“My back doesn’t hurt anymore. Thank you.” she said, “But I’ve still got this pain in the ass," and gestured at her husband. He turned red in the cheeks and sagged in his chair.

Mrs. George (names changed for privacy) was here to follow up on her outcome from a back procedure I did for her two weeks earlier. I’d just walked in when she launched into telling me of all the housework she’s been doing and how exhausting it is. She knew she was to rest but said, “There’s just too much to do. I can’t rest.”

Her husband had made the first appointment for her. “She’s been complaining about her aching back for years and I’m sick of it!” He declared. “Can you amputate or something?!”

Three weeks earlier she told me of how her back ached intensely. She couldn’t even stand up. She would be willing to do anything to be free of it. She had just a few streaks of gray in her heavy brown hair held back by a straining metal headband that squeezed her head. I wondered if it was too tight. A moist herbal tea scent hovered around her plump five feet four inch frame. She still had that headband on.

"Excuse me, Mrs. George." I said. "I want to know what happened with your back after the treatment." She had a Radiofrequency Ablation, a procedure with needles that burn sensory nerves to painful joints in the back.

"Oh, I didn't feel a thing," she said. “I don’t understand it but the back pain is still gone.”

That's not the typical response. Usually it’s more like, “It was easier than I thought and feels much better now.” I looked closely at her eyes and face and thought, “She misses the back pain just a bit.”

“You know, Dr. Johnson,” she said, “I raised four kids and kept house without ever complaining of back pain. Oh, I had it! Now I’m supposed to enjoy the golden years?! Ha!"

You might think that the Georges, married almost 40 years, would fit together like a hand-in-glove but it was more like a hand-on-cactus. Mr. George the hand and she the cactus. Mr. George complained of her incessant complaining about housework while she complained about his messes and lack of appreciation. Now I'm an Interventional Spine Pain doctor, not a marriage counselor. It appeared the spine issue was resolved but there was no joy. What's with that!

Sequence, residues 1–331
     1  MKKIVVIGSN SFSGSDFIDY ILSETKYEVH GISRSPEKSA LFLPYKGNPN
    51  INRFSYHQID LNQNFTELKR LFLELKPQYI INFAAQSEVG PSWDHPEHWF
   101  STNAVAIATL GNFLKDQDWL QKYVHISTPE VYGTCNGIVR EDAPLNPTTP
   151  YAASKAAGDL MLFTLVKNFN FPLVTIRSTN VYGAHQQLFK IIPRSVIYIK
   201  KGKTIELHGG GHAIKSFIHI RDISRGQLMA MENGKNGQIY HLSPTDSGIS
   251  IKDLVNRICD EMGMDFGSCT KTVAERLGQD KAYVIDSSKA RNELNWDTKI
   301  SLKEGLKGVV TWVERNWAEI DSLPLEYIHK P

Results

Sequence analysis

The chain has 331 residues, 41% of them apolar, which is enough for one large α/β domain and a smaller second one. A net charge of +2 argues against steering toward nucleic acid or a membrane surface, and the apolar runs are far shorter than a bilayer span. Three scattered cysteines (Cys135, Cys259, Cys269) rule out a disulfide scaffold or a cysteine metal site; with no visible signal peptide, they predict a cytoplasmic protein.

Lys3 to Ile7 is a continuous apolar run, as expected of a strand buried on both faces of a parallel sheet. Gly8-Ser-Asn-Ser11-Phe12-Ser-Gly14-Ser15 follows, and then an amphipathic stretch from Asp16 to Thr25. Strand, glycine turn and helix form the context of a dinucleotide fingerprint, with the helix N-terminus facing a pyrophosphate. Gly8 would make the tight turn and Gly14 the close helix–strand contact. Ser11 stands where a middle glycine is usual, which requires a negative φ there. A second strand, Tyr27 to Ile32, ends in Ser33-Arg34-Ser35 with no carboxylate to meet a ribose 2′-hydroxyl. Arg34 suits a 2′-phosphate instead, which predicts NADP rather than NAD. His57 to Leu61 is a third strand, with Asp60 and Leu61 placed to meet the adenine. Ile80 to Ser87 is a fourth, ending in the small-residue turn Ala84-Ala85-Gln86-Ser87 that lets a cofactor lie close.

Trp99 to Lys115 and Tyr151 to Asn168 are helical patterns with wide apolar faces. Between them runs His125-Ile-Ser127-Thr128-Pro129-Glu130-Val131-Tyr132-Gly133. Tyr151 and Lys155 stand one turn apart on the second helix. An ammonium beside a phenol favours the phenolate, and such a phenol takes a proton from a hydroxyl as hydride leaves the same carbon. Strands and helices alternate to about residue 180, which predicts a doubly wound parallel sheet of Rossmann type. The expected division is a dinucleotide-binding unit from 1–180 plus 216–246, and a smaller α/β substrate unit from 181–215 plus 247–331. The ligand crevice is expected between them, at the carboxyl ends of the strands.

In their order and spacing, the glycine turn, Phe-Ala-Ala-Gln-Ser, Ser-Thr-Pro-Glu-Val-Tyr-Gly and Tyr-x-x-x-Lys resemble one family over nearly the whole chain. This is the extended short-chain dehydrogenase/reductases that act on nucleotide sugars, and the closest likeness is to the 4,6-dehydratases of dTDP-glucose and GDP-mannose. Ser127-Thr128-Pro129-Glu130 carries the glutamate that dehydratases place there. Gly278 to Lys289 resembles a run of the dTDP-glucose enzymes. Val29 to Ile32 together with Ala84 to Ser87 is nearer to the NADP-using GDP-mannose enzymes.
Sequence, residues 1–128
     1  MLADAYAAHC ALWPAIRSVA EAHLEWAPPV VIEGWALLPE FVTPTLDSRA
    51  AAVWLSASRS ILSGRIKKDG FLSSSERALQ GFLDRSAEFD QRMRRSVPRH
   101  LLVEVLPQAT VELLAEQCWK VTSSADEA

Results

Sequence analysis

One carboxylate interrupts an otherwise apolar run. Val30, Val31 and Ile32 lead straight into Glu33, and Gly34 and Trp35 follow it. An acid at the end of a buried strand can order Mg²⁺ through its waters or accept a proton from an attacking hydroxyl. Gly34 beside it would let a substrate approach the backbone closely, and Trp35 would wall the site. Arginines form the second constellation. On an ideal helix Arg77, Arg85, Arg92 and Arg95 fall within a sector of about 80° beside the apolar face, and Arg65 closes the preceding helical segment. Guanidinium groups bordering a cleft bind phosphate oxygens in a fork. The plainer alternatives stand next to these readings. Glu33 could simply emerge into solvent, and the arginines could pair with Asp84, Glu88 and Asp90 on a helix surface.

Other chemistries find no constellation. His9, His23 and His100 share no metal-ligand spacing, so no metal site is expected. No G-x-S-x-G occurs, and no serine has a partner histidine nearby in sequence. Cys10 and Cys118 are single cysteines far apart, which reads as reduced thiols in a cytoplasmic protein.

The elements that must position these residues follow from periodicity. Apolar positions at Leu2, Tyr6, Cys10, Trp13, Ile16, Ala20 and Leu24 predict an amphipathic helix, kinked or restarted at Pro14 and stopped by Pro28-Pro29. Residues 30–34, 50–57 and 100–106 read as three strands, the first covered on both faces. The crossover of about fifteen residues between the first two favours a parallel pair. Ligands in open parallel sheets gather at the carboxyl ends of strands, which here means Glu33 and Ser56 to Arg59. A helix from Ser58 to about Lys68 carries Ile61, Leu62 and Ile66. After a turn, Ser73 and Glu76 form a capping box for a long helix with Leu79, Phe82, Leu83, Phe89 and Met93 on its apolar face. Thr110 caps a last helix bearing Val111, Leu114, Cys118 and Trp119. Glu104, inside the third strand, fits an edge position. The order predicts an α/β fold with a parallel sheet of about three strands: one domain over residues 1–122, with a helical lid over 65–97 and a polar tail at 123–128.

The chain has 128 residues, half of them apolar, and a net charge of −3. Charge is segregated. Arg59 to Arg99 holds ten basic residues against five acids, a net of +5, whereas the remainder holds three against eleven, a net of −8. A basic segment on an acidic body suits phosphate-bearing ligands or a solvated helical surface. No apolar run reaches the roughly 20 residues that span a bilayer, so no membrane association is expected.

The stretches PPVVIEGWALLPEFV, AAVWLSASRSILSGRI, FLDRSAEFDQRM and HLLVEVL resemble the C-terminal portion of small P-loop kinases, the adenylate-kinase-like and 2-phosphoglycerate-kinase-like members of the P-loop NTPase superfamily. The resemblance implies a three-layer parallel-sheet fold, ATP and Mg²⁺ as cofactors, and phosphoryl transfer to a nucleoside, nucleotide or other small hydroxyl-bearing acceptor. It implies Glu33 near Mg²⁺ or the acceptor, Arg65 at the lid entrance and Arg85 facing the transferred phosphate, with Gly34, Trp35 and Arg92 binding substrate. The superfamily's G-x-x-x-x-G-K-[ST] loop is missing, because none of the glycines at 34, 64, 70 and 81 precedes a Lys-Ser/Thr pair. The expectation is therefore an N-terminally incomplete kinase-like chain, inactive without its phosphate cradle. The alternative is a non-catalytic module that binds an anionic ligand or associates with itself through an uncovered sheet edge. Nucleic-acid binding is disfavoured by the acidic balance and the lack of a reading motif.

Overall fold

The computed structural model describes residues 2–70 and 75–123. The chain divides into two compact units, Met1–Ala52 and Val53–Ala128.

In this blog I’m going to share some of the anecdotes and pearls I’ve gleaned from over 70,000 cases. There are three parts to each post:

1. What people tell me vs. the real issue.

2. A comment on the neuroscience of the case.

3. My observations and philosophy on pain and suffering.

If we as humans could just say what the real problem was and what we really wanted, and if doctors would not waste hot air pontificating in neurolinguistic jargon, it would be a lot easier.

But since I'm a doctor with a lot of hot air I'll talk first about what was said. Her back ache was incapacitating. Yet she kept busy around the house. The main driving force for her coming in was her husband who thought this would free him of her complaining. Thus the lack of joy even though she got relief. The absence of the pain was disorienting to her because it had become part of her martyr identity, dying of work for an unappreciative husband.

It's clear that she presented with a nociceptive component of pain. That is a physical sensory receptor signaling pain from a body part. Injured facet joints in the back of the spine tend to hurt when we straighten up and may be relieved with bending forward. She reported pain with leaning back on the facets and injection of anesthetic to the facets temporarily took away her pain. Burning the sensory nerves to those joints caused lasting relief. The nerves usually grow back in less than a year. No function is lost.

The facet joints in the back of the spine are not designed for weight bearing. They are like interlocking incisor teeth that stop the vertebra from slipping. When the front disc collapses and the bone shifts down the facets get crushed.

In some ways modern medical treatments have made it harder to be a career martyr. Pain is still a basic part of it but suffering is the key. Nobody can take away your suffering if you don’t want to let it go. In this case, a simple word of appreciation from Mr. George would have worked better than an operation


“You gotta love livin', baby, 'cause dyin' is a pain in the ass.”   Frank Sinatra

About the Author

Vance Z. Johnson

Vance Z. Johnson, M.D., is the medical director of the University Spine Institute.

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